Personality Assessments vs. Leadership Tools
Some assessments measure one’s personality, which is largely stable over time. As you age, some aspects of your personality might shift slightly – perhaps you have become less extroverted or more conscientious – but largely we have our personalities for life, for better or worse. They are not something we can or should change (even if we might want to!) – the assessments are intended to simply provide insight into who you are so that we can capitalize on your inherent strengths and support or compensate for your weaknesses, particularly as it relates to your role and your team(s).
Other assessments seek to measure leadership skills or behaviors – how a leader is performing or behaving during the moment the assessment was administered. The intention of these types of assessment is to raise awareness of helpful and unhelpful leadership behaviors and tendencies so that you can develop and grow in particular ways. They don’t measure your personality; they measure where you are at a “snapshot in time.” With practice and focus, such as with leadership coaching or training, you can shift your profile and enhance your leadership skills over time. These are great tools for leadership development programs because you can measure how far someone has come with support. For example, when you take the same assessment once, and again after six months or a year of executive coaching, you can find out if certain areas you’ve been working on have increased. In other words, these can and hopefully will change as you work on your leadership.
There are hundreds of assessments on the market today; it can be overwhelming to decide which will work best for your needs. I’ve taken dozens over the years, am certified in several, and I certainly have opinions about which assessment tools I think are more scientifically valid and useful, and which I like for particular use cases.
With that said, I am not convinced that one assessment is better than any another. You can take the fanciest and most expensive personality instrument available, and not understand its report and or how to translate it into valuable insights or meaningful change for you. Likewise, you can take a free simple tool, and glean powerful insights that are hyper relevant to your situation and what you need in the moment.
It is not necessarily the assessment that makes the learning and positive transformation possible. The conversations and actions you take as a result of an assessment are what make them valuable. This is why working with an executive coach or consultant who is knowledgeable and trained in an instrument is so helpful; they can help you make your report meaningful and relevant to your leadership development and life. A coach can also help you determine which assessment would be the best fit for your needs.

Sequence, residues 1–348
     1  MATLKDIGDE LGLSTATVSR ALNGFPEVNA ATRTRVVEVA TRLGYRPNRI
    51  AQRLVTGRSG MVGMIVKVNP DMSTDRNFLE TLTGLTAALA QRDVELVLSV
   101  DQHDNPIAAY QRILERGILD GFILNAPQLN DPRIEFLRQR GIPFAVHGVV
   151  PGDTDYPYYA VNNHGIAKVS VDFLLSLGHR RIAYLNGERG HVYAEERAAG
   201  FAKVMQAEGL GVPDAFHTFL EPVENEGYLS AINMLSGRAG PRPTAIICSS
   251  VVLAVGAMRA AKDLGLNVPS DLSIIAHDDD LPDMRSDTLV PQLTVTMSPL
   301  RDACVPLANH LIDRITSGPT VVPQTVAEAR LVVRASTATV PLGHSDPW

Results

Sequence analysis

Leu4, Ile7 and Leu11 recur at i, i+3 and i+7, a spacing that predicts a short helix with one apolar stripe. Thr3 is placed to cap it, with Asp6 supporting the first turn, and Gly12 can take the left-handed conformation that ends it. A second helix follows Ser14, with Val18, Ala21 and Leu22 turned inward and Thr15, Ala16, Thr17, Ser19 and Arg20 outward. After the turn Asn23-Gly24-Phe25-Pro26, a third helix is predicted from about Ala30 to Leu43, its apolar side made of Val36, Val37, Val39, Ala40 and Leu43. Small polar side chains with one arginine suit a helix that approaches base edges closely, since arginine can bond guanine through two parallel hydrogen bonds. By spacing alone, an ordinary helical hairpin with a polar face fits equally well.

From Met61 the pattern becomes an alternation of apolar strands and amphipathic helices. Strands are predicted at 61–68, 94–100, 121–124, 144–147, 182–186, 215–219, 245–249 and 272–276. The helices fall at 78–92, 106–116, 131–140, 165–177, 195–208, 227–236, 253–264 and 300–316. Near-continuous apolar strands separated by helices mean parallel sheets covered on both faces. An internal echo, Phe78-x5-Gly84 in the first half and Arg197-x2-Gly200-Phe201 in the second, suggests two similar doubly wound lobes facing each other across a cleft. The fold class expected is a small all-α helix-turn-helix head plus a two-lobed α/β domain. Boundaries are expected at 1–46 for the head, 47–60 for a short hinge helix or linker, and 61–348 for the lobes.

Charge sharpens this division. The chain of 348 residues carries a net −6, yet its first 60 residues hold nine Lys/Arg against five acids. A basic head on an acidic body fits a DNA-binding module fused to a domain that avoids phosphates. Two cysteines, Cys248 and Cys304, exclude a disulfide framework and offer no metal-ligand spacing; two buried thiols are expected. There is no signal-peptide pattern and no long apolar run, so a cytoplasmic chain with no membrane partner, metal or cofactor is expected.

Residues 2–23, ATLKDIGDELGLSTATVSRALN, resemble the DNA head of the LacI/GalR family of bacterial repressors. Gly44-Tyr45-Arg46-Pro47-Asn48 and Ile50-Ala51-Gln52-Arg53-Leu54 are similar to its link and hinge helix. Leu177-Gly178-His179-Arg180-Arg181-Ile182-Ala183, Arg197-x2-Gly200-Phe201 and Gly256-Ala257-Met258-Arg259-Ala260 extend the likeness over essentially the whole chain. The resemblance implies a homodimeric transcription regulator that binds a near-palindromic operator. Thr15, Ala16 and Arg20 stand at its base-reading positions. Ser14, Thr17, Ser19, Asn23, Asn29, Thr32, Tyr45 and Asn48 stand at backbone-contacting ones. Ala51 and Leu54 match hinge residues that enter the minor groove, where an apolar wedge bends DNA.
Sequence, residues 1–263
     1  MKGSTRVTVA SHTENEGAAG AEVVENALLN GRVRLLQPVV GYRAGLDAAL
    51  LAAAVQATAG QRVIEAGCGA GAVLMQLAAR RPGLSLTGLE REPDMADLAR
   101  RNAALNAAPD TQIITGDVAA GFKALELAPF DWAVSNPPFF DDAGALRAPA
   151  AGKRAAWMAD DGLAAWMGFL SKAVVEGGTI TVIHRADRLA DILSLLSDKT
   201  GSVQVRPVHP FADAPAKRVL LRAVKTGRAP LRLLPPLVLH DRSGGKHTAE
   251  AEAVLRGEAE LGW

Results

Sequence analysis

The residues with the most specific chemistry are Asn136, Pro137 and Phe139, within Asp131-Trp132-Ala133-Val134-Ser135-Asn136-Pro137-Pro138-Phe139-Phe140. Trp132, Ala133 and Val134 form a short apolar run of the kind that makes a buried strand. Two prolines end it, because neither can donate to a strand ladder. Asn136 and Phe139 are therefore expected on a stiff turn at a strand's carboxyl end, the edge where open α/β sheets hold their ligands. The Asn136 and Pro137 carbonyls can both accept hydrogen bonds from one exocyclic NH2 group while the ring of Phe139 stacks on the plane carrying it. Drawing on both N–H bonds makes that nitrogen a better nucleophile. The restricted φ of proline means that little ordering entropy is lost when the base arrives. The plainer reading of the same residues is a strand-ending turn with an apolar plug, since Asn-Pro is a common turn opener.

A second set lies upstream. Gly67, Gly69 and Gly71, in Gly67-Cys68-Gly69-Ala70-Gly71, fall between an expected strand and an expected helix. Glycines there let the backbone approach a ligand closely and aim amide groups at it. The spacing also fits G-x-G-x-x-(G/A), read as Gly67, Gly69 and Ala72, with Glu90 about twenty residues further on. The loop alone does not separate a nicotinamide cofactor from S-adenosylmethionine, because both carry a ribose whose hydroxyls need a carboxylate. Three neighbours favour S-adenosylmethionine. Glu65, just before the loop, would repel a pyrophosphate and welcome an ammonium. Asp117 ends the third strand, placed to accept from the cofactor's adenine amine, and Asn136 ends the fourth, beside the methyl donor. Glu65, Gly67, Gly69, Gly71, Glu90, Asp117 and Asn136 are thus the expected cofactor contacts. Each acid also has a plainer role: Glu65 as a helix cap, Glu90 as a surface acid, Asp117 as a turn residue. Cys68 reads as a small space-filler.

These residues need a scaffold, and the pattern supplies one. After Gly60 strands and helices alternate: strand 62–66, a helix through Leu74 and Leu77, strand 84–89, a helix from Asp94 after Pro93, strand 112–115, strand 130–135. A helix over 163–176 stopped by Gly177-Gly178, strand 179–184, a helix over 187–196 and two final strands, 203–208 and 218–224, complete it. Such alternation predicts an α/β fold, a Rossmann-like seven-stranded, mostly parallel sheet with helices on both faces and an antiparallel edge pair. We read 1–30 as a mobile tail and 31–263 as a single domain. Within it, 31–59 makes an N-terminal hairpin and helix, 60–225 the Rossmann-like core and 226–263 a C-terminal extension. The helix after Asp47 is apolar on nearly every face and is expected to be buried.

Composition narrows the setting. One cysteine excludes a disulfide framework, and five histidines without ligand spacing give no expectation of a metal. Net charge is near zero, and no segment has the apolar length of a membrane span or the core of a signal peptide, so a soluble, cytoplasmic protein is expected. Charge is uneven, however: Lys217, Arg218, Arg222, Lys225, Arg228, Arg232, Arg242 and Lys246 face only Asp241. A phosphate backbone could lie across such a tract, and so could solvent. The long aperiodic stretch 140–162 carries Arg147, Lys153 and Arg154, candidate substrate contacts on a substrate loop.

When I am debriefing an assessment for a client, my intention is always to foster the best conversation and most useful learning possible for the particular leader I am working with and the particular moment they are in. When I am oriented toward making it relevant and useful for the client, I create a practical filter and there is no need to share every detail of the report with my client. This perspective may take some of the pressure off trying to find the “best” instrument.
Here are a few of my favorites, whether you are taking it on your own or with your team.
Workplace Big Five Profile
Based on the scientifically validated five-factor model, the Workplace Big Five profile is a personality assessment that reveals an individual’s five super traits and 23 subtraits. Rather than putting people into a type or quadrant, this profile maps out where you fall on each of the 28 continuums – you can find out which types of activities and tasks are naturally energizing for you and which are draining – and use that information to help you optimize your energy, maximize your engagement, and boost your performance and overall satisfaction at work. There are options for team and leader-specific reports as well. Learn more about the Workplace Big Five Suite of Reports. I am a certified consultant in this instrument; Contact me if you are interested in learning more!
- Pros: The profile scores are usually spot on, because the results are so specific, with a score from 1-100 in 28 different areas – which, I feel gives the instrument more depth and sophistication than the instruments that seek to classify you as a particular type. The report is very easy to grasp and use – including exercises and activities to maximize your performance and energy based on your profile, so you can revisit it often and learn something new each time you open it. Its accessibility makes it a great fit for teamwork and its focus on work contexts makes it highly relevant to leadership performance.
- Cons: It can be a little overwhelming with so many areas to look at, but you can focus on the specific places you want to develop your leadership and prioritize your focus. This is a personality assessment, so it won’t provide a map to improve leadership competencies, but will give you insight into how to design and optimize your leadership, role, work, and day-to-day life. You must work with a certified consultant to run the report.